Nanibah “Nani” Chacon is a recognized painter and muralist. Her most notable works are in the public arts sector, in which she has a cumulative experience of more than 20 years, spanning graffiti, public murals, community-engaged art and installation. In 2012, she transitioned from studio painting to creating murals and large-scale public works and installations. A return to working on walls and in a public setting was a natural progression—it facilitates the content of her work and her personal philosophy that art should be accessible and a meaningful catalyst for social change. Community-based arts and educational integration are also a key component to the work Chacon creates. Her work has been recognized for its unique style and attention paid to site specificity and the integration of sociopolitical issues affecting humanity, with particular focus on women and Indigenous peoples.

Maia Cruz Palileo
Maia Cruz Palileo is a multi-disciplinary, Brooklyn-based artist. Migration and the permeable concept of home are constant themes in Palileo’s paintings, installations, sculptures and drawings. Influenced by familial oral histories about migrating to the U.S. from the Philippines alongside the troubling colonial history between the two countries, Palileo infuses these narratives using both memory and imagination. When stories and memories are subjected to time and constant retelling, the narratives become questionable, bordering the line between fact and fiction, while remaining cloaked in the convincingly familiar.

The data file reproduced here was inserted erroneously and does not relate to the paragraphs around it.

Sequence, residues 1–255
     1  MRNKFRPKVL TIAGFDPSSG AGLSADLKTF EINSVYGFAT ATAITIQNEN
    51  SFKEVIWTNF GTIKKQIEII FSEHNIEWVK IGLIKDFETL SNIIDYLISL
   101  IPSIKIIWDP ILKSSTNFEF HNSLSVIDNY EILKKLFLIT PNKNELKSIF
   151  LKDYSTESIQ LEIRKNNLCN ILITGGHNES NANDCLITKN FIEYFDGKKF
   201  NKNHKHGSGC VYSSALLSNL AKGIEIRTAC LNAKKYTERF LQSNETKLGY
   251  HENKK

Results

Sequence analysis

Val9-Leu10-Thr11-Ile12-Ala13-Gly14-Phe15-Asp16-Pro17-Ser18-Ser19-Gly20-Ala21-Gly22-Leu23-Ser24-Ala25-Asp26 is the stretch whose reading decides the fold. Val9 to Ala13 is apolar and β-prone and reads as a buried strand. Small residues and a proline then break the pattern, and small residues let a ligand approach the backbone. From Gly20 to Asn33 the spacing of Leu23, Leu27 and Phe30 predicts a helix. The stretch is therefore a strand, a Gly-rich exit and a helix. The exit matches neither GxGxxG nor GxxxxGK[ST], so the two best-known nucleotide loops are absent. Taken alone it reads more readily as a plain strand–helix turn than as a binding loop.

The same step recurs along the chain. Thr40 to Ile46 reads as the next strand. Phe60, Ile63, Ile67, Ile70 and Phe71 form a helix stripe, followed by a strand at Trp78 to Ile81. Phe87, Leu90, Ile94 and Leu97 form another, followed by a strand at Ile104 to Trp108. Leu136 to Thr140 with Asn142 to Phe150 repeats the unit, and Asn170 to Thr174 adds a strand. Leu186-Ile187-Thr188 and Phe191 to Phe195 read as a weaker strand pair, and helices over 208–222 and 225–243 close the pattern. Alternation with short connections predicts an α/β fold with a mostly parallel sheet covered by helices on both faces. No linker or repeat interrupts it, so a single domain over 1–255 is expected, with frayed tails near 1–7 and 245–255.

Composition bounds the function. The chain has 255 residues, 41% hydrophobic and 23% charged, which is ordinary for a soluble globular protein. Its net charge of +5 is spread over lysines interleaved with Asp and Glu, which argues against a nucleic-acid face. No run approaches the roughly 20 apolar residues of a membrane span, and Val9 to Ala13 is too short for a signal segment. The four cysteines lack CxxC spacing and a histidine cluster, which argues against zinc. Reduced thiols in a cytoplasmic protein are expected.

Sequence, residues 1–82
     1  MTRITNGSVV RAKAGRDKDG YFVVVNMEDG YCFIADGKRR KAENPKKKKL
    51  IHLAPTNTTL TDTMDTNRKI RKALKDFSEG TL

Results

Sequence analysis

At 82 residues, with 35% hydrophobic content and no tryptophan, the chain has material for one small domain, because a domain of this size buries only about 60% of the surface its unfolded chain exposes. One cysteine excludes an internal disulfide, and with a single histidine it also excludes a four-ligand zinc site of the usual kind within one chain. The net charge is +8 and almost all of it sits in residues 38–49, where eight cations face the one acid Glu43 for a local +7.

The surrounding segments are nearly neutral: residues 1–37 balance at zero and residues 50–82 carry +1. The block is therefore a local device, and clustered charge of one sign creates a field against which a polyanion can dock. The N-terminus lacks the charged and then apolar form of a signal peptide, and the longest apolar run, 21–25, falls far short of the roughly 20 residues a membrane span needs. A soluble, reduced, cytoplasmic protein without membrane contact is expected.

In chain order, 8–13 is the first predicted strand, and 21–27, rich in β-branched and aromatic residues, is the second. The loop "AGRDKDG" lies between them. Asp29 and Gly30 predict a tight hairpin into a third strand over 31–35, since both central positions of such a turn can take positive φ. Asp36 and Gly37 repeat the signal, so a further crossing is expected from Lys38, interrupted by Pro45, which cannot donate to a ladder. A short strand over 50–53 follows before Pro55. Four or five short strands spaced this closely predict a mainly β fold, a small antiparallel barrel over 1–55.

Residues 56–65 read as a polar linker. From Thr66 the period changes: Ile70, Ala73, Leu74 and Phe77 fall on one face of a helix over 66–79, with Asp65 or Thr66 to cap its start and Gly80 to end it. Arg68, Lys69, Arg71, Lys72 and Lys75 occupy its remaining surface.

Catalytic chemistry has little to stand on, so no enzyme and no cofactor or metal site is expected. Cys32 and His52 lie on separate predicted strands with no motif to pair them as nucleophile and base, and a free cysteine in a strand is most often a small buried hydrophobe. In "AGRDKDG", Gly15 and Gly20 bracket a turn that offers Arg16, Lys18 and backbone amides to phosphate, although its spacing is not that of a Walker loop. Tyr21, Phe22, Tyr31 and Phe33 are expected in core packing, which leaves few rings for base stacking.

Mari Hernandez
Mari Hernandez is a multidisciplinary artist. A career in non-profit arts organizations led her to explore socially engaged and identity-based art, as well as its contributions to human and community development. Simultaneously, Hernandez became concerned with the lack of representation of women of color in her arts community in San Antonio, Texas. These experiences deeply influenced her artistic development.

Inspired by appearance-altering photographers and early Mexican American artists, Hernandez began experimenting with self-portraiture to address questions about identity. As a co-founder of the Chicana art collective Mas Rudas (2009–2015), her self-portraits focused on Chicana aesthetics. Her solo practice is guided by these early influences, but Hernandez continues to expand her repertoire and skill base.

Carolyn Lazard
Carolyn Lazard says they are a “a whatever artists who works in blah blah media on such n [sic] such ideas/thingamajigs [sic]. Their work lalalalas [sic] the whozits [sic]. Lazard went to liberal arts college n [sic] is pedigreed in the following ways from the following institutions. They are currently working on whatever up n [sic] coming nonsense.”

Dionne Lee
Dionne Lee works in photography, collage and video to explore issues of power, survival and personal history in relation to the American landscape.